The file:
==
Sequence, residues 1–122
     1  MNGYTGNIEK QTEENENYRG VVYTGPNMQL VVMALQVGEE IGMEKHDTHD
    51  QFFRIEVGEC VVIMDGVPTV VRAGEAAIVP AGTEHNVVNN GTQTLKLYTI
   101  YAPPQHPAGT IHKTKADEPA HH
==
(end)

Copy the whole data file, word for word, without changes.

Sequence, residues 1–122
     1  MNGYTGNIEK QTEENENYRG VVYTGPNMQL VVMALQVGEE IGMEKHDTHD
    51  QFFRIEVGEC VVIMDGVPTV VRAGEAAIVP AGTEHNVVNN GTQTLKLYTI
   101  YAPPQHPAGT IHKTKADEPA HH